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Bridge Michigan
Michigan’s nonpartisan, nonprofit news source

Revisiting Tom Herbon

SANILAC COUNTY – Tom Herbon owns an 1880s farmhouse in Sanilac County in Michigan’s thumb. The 57-year-old lives in Troy, but this is where he and his family spend most of their summer weekends. A 1962 Allis-Chalmers tractor is parked in a corn crib. From the side of the crib hung a large American flag. Nearby, he and two of his daughters are picking mulberries for a pie.

There’s no Wi-Fi here – no electricity beyond past a few remodeled rooms on the first floor – and practically no cell reception. That suits Herbon just fine.

The retired IBM engineer keeps things simple. He eats corn but not cauliflower; potatoes, but not broccoli. He’s never had sushi in his life and has no desire to start eating raw fish now. He gets sick to his stomach thinking about spending $25,000 to replace his 2000 minivan, but said he wouldn’t think twice about dropping $50,000 for a new backhoe to play around with at his summer farm house.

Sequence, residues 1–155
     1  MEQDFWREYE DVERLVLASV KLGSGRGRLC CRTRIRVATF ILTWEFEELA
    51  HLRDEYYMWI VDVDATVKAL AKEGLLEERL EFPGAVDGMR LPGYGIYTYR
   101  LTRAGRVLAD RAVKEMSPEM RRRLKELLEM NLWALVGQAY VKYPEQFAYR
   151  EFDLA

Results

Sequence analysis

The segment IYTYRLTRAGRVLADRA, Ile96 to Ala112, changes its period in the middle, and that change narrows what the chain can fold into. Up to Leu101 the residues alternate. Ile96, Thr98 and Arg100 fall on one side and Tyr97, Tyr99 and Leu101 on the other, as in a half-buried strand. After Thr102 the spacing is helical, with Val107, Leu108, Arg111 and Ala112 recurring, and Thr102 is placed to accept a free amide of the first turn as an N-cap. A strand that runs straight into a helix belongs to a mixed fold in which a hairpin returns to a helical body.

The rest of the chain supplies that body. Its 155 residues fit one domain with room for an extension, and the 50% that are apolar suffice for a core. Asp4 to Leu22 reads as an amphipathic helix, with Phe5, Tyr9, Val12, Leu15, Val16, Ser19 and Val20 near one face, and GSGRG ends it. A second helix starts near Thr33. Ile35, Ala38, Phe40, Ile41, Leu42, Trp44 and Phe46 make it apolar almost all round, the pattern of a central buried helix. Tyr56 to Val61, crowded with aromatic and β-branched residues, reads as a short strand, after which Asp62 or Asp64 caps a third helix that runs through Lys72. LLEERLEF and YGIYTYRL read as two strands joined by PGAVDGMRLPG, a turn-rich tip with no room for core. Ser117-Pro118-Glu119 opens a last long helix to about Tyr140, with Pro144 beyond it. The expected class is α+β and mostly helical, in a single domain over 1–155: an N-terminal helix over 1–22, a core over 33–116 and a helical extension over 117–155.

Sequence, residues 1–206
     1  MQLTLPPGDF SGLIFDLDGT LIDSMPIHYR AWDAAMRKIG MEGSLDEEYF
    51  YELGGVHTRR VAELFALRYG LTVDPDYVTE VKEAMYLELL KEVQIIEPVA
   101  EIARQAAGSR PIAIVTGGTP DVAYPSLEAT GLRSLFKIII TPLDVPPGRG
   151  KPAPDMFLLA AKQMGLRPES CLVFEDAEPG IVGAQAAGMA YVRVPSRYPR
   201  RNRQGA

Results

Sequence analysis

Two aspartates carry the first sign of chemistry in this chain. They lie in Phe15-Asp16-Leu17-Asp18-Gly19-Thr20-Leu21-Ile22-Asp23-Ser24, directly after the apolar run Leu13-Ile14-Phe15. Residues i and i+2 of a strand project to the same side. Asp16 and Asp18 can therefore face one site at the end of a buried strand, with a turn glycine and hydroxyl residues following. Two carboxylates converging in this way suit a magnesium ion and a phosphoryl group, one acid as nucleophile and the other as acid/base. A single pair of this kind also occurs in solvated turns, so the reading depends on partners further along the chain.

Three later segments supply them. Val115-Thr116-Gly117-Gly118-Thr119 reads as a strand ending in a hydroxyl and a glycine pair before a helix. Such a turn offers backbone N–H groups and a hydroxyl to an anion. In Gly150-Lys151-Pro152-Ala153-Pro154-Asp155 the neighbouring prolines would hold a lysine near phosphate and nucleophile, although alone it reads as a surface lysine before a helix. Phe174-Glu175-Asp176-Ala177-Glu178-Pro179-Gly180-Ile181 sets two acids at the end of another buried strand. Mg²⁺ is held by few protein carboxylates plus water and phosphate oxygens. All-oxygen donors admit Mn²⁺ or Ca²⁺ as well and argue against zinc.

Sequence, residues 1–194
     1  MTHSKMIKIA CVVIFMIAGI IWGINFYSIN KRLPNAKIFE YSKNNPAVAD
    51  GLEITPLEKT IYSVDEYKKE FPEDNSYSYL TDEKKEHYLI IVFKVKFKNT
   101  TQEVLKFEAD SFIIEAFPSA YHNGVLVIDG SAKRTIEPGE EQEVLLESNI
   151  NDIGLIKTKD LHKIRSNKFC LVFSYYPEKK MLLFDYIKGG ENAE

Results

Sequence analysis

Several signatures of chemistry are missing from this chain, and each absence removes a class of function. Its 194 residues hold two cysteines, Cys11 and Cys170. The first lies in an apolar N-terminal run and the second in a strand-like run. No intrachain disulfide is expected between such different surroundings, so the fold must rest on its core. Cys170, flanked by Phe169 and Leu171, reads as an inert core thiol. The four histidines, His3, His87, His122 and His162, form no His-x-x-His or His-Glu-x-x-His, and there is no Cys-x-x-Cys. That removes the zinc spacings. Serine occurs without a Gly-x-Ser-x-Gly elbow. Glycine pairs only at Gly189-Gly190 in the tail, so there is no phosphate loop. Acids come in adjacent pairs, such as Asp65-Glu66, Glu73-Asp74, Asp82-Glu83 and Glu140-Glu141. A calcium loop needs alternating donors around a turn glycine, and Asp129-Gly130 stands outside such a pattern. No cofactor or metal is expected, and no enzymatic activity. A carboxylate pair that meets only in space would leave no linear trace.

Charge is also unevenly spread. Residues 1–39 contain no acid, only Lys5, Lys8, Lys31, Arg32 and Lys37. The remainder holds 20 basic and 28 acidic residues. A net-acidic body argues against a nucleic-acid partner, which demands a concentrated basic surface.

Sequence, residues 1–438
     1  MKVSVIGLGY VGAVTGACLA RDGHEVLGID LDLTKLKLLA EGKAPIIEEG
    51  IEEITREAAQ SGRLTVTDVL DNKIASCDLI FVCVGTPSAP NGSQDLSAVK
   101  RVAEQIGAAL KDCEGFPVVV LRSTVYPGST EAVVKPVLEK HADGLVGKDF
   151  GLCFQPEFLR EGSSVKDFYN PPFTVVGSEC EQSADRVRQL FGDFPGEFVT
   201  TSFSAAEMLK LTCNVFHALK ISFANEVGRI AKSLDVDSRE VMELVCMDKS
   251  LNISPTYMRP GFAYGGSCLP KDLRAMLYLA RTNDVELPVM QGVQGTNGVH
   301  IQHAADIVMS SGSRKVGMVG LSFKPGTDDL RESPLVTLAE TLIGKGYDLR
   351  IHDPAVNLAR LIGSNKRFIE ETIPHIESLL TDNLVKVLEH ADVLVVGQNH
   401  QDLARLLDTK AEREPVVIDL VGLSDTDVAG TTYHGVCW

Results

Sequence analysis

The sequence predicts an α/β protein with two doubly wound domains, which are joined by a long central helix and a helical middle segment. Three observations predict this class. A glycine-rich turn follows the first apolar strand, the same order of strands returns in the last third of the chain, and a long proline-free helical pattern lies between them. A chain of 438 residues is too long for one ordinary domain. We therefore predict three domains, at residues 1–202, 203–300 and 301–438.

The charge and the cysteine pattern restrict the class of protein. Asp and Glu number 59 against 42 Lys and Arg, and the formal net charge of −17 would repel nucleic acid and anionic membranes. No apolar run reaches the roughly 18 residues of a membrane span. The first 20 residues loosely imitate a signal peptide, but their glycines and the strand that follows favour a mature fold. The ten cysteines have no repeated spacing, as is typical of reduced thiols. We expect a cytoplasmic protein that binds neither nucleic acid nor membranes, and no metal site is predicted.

“I like what I like,” Herbon said.

Herbon was an avid Donald Trump supporter during the 2016 presidential campaign. The 4-by-8 foot Trump sign he made for the election now hangs in his barn in Sanilac County.  Since the election, he said he’s cut himself off from almost all mainstream media. He listens to conservative talk radio and is on Twitter, where he follows just one person – Donald Trump. “I like to hear things from the horse’s mouth,” Herbon said.

Read how Tom Herbon felt in January.

He is eager for Obamacare to be eliminated so he can lower his family’s health insurance bills by purchasing insurance with less coverage.

“You have people saying, ‘Oh, I would have died without Obamacare,’” Herbon said. “Ok, well, you would have died without Obamacare, but I’m still paying triple what I would have before. Now, it’s all crap. And I can’t get low-priced crap. I can only get high-priced crap.”

RELATED: Fireworks, parades, and a partisan divide that won’t go away

Herbon is “ecstatic” with how things are going in the country, and is flummoxed by the notion that others are unhappy.

If the election were held today, would he vote the way he did in November? “No,” Herbon said, smiling. “I’d find a way to hack the system and cast two votes.”

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